Obama sets up panel to tackle U.S. debt

09:44, February 19, 2010      

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U.S. President Barack Obama on Thursday issued an executive order to establish a bipartisan commission after Congress rejected a similar body to find ways to reduce the huge budget deficit.

"These are tough times, and we can't keep spending like they're not," Obama said, before signing the executive order at the White House.

Obama said that unless lawmakers put aside partisan differences, the continuing red-ink trend could "hobble our economy."

"It will cloud our future and it will saddle every child in America with an intolerable burden," he said.

The federal deficit hit a record 1.41 trillion dollars in fiscal year 2009.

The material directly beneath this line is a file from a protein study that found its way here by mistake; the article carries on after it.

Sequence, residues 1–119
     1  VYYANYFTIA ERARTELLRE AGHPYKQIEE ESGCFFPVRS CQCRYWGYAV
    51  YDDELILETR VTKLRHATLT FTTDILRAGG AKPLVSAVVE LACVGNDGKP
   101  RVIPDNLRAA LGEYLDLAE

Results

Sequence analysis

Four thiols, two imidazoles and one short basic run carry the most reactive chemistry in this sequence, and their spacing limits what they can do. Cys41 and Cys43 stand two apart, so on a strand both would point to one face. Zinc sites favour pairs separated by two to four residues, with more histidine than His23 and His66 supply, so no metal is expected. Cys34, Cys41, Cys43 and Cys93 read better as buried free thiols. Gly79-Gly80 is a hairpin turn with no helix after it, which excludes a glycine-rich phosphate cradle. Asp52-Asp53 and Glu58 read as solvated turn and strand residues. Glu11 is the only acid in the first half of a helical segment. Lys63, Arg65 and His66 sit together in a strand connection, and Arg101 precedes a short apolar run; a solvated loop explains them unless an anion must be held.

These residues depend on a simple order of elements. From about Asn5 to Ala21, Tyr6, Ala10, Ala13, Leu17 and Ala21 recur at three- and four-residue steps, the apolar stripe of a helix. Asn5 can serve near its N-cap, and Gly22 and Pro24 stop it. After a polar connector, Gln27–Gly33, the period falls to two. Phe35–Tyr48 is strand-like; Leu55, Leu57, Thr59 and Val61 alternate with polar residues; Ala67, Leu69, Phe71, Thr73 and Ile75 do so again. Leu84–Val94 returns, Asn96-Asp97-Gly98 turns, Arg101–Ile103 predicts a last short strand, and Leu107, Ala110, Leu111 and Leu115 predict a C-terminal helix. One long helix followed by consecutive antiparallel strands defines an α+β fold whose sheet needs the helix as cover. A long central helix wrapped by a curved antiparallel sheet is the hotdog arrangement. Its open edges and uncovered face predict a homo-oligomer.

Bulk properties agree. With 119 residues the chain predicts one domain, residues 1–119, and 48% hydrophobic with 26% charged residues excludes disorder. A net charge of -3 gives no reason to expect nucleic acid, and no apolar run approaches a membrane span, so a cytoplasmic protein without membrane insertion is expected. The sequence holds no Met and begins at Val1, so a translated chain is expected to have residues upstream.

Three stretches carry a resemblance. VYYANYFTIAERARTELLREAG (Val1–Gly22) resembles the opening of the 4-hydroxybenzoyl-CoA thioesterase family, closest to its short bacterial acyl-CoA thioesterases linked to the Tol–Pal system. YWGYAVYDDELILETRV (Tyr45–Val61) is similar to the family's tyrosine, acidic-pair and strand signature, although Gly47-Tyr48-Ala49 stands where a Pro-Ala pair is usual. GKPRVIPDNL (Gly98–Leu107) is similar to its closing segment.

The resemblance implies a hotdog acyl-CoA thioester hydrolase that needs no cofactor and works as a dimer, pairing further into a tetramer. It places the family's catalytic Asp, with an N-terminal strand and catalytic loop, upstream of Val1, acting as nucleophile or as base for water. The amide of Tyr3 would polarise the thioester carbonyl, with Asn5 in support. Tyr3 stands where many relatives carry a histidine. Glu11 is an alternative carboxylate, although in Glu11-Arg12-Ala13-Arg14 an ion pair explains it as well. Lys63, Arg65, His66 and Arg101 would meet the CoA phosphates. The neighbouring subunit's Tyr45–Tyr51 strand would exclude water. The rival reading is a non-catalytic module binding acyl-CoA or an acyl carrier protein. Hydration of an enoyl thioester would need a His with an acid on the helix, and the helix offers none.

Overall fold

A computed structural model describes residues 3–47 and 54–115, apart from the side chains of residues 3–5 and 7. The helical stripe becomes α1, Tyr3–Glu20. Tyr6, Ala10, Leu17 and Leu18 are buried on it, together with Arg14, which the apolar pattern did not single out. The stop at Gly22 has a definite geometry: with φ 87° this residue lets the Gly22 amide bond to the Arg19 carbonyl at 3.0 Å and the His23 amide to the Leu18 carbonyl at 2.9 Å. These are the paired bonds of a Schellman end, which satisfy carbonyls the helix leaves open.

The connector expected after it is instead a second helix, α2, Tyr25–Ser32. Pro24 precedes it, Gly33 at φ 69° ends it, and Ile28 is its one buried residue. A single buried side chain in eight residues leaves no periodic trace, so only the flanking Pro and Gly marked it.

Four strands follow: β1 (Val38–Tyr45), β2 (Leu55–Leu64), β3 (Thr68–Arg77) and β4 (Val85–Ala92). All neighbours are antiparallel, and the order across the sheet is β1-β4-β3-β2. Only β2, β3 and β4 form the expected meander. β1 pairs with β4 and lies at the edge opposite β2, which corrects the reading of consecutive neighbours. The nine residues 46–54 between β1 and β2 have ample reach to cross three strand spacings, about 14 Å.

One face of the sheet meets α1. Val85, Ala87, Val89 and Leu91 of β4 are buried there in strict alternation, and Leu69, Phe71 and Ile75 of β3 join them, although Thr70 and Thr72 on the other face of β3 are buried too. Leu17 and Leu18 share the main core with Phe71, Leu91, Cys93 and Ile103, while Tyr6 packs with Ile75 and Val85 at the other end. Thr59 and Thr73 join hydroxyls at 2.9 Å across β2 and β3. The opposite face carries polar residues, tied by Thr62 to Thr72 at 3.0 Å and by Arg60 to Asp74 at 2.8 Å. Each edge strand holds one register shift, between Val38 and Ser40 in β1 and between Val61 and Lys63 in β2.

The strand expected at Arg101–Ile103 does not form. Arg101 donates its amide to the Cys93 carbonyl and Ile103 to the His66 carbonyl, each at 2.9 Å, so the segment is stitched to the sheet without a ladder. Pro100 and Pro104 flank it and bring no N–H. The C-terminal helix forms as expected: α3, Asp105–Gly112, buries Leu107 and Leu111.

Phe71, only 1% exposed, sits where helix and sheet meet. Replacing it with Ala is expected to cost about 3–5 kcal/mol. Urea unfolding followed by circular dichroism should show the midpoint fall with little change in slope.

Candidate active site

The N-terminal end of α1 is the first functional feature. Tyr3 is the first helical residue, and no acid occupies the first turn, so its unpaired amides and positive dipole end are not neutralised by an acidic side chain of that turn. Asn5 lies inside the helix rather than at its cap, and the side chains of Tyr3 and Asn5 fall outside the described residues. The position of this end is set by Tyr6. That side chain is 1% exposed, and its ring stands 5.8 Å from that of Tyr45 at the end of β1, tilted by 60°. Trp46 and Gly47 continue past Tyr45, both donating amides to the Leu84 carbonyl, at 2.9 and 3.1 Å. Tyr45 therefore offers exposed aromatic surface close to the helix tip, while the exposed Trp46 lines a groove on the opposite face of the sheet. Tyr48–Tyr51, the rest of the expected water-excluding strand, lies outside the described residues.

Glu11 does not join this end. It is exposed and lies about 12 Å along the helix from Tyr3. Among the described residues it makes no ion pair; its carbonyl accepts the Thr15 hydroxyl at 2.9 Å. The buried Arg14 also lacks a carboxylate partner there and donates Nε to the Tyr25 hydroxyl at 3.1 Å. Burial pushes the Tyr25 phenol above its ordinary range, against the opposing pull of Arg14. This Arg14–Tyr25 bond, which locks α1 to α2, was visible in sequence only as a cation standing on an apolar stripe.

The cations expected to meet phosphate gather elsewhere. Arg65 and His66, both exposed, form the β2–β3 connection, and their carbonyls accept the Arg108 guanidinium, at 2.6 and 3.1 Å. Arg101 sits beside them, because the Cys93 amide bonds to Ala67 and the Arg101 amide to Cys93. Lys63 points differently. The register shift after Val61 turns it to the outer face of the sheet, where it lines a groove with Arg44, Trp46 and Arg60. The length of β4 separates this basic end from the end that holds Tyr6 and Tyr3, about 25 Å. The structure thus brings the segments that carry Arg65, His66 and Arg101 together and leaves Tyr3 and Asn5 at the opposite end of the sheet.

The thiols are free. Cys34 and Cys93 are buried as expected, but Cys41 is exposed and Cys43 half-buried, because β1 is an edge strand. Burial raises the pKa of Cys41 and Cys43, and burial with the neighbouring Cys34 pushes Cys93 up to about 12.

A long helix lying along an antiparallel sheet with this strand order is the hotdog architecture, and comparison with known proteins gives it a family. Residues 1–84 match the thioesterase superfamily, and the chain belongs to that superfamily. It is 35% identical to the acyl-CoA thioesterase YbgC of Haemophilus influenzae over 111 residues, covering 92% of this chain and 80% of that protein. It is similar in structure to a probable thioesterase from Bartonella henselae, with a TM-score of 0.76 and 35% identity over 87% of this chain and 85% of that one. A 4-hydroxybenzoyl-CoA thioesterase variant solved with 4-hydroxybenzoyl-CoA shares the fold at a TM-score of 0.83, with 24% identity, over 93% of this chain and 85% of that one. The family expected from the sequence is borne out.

In the 2011 fiscal year budget proposal sent to the Congress earlier this month, President Obama said that the budget deficit will swell to a record 1.56 trillion dollars in the 2010 fiscal year ending September.

Last year's deficit equaled 9.9 percent of GDP, the highest point since World War II, and is projected to climb to 10.6 percent of GDP this year. Officials say a sustainable deficit-GDP ratio is about three percent.

Obama once wanted to push a Congress approved commission to tackle the debt issue. But it was rejected by lawmakers in the Senate -- by Republicans who had previously backed the idea as a way of trimming huge U.S. deficits.

Though Obama's commission will lack any requirement for Congress to act on its advice, it could provide the president some political cover with an electorate that is increasingly concerned about the massive deficit.

Source: Xinhua
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